Commuters passing through Cairo's downtown Al Shohada metro station, one of the busiest stops on Cairo's subway system, are now being offered a new service along with the train rides: religious edicts or “fatwas” free of charge courtesy of Al-Azhar.
Seated behind a desk in a small kiosk that bears a sign reading “Fatwa Committee,” two on-duty clerics from Sunni Islam’s oldest and most prestigious institution give religious guidance and advice to commuters who seek them out in what the sheikhs say is an attempt “to counter extremism.”
The fatwa kiosk is the first of several that Al-Azhar plans to install at Cairo metro stations in the coming months. It is the brainchild of Mohi El Din Afifi, the secretary-general of the Al-Azhar-affiliated Islamic Research Academy, who hopes “to bring Al-Azhar closer to the people,” according to Sheikh Ali Mostafa, one of the two clerics working the afternoon shift when Al-Monitor visited. The kiosk, which began operating July 17, is open from 9 a.m. to 8 p.m. daily. “Since its launch, hundreds of curious commuters have stopped by to greet us and ask questions on a host of religious matters ranging from rulings on marital and divorce issues to life insurance and atheism,” Mostafa said.
“The response from the public has been overwhelming. There is a real hunger for knowledge about religious matters,” Sheikh Ahmed Ramzy, the second cleric, told Al-Monitor.
“We are here to clear misconceptions about religion, especially in light of the plethora of myths and false information that is being disseminated on social media and on religious satellite channels linked to radical groups,” he said.
Clad in a traditional Islamic caftan (the robe traditionally worn by Muslim clerics), Ramzy consulted with his colleague before responding to a question from 18-year-old Hagar Salah, a veiled commuter, about what Sharia says about practicing taekwondo in a mixed venue.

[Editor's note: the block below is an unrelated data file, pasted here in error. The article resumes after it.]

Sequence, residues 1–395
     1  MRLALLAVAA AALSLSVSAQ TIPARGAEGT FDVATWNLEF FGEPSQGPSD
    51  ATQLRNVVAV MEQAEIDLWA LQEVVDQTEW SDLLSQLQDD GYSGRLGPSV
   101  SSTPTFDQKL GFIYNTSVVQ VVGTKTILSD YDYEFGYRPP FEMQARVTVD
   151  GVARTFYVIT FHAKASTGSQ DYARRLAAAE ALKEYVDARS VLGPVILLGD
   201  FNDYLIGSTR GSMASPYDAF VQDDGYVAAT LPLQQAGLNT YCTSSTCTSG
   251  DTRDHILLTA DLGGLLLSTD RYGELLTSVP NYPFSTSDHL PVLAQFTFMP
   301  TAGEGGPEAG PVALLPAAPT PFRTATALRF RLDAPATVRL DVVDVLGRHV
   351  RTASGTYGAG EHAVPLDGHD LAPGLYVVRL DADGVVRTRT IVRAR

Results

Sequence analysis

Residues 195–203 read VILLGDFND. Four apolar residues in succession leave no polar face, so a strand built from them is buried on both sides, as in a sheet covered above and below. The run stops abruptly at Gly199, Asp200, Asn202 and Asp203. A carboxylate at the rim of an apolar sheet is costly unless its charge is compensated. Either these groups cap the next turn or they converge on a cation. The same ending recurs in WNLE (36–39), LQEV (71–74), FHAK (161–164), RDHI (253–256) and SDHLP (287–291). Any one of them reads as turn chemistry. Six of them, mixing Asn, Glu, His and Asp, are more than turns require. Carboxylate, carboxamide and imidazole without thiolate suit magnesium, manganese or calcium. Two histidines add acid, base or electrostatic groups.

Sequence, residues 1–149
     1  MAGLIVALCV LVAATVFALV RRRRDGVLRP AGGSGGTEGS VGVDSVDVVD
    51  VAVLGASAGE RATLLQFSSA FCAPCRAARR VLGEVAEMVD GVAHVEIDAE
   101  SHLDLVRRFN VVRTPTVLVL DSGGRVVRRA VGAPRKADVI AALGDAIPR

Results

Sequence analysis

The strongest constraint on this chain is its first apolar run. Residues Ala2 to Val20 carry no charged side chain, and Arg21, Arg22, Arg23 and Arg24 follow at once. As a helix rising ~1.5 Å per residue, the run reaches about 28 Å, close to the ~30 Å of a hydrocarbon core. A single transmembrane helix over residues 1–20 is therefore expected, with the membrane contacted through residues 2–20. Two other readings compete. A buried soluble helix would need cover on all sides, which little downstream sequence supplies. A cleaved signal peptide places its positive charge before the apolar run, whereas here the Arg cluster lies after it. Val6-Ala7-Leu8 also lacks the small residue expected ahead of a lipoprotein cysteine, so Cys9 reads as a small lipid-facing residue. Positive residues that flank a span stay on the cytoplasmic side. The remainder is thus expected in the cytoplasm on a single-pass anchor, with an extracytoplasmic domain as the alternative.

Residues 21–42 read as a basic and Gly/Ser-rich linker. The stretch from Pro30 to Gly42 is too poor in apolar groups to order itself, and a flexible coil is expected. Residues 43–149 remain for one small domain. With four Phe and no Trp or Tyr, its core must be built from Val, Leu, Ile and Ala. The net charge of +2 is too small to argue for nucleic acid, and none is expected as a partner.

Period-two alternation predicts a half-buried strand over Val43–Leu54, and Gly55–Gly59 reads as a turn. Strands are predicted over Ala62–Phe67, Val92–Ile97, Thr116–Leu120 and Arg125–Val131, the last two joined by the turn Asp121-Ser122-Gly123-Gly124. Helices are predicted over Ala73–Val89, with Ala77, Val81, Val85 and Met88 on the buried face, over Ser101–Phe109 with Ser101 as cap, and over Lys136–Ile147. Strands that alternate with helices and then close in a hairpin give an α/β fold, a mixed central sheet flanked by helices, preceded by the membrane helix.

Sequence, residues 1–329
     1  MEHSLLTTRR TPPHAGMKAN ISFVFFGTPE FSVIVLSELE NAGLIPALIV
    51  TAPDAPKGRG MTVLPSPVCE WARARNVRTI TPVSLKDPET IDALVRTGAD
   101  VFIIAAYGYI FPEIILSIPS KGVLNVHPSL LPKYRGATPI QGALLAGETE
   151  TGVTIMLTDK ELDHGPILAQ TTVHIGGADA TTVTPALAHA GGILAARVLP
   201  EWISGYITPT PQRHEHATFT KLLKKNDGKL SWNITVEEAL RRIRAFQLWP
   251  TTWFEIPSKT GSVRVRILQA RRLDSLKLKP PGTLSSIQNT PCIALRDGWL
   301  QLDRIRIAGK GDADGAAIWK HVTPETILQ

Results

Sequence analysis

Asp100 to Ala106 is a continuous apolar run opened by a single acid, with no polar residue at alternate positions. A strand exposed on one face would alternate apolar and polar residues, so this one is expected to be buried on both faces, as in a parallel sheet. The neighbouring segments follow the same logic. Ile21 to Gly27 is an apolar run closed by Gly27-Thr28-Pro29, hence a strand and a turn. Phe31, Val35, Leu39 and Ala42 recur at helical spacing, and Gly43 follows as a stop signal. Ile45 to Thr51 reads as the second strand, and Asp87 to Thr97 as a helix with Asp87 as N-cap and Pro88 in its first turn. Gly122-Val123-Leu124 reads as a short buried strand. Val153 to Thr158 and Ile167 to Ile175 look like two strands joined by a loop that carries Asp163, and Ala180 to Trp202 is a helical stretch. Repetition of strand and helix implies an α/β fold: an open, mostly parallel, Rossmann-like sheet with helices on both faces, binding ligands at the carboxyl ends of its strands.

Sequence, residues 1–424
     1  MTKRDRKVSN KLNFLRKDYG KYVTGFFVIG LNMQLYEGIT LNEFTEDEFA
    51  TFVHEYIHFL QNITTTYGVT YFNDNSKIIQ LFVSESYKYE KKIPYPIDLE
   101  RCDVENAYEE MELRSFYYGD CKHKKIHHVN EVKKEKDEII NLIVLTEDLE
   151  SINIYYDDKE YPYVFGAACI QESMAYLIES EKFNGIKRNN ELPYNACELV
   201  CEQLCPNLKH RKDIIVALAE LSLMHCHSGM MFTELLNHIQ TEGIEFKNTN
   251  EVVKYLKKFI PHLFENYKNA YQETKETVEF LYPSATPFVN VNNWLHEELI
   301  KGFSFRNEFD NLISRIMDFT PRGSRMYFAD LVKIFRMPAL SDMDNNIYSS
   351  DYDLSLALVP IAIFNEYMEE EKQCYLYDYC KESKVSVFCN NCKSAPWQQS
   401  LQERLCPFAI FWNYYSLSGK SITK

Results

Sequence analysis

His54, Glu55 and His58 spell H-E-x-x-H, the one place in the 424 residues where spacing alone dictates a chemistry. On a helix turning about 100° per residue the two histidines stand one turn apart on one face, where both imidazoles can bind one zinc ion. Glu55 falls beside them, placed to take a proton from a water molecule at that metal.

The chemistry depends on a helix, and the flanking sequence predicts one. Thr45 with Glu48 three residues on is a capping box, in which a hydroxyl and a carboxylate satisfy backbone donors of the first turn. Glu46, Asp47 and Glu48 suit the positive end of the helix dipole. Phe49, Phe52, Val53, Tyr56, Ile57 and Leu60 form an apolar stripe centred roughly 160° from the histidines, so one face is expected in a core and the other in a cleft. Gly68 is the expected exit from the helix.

“Does the sport involve physical contact with the opposite sex?” the sheikh asked. “If not, then it is fine,” he said, but quickly warned, “As long as you wear a loose sports outfit that does not show your body.” After hearing the fatwa, Hagar walked away to catch a train approaching the station, clearly relieved that the sheikh had told her she could continue to practice the sport she enjoys.
A small line was forming outside the kiosk, with commuters waiting patiently for their turn to sit down with the Al-Azhar scholars and pose their questions.
“Launching the kiosk is timely,” Hanan Abdel Badie, a metro rider and mother of three, told Al-Monitor. “Extremist groups are finding it easy to recruit youths because the latter do not have much knowledge about their religion. Their ignorance makes them easy targets,” she said.
Mohamed Abdel Maqsoud, a middle-aged commuter working at the Endowments Ministry, said he, too, welcomes the idea, albeit for a different reason. “Most people are busy and don’t often get a chance to consult sheikhs on religious matters. Now the knowledge is accessible and what’s more, the consultations are private.”
While the consultations are one on one, guaranteeing a degree of confidentiality, visitors are required to sign their names and write their phone and ID card numbers in the large registration book on the desk in the glass and metal booth — a move that has raised concern among skeptics who prefer not to reveal their identity. The sheikhs, however, insist the measure is “necessary.”
“Sometimes more research is needed or new facts emerge. We need to have the visitor’s contacts to keep them updated,” said Sheikh Sayyed Tewfiq, the head of religious guidance for Cairo at the Islamic Research Academy.
But liberals see the kiosks as a sign of increasing religiosity and an attempt by Al-Azhar to impose religious values and morality on the public.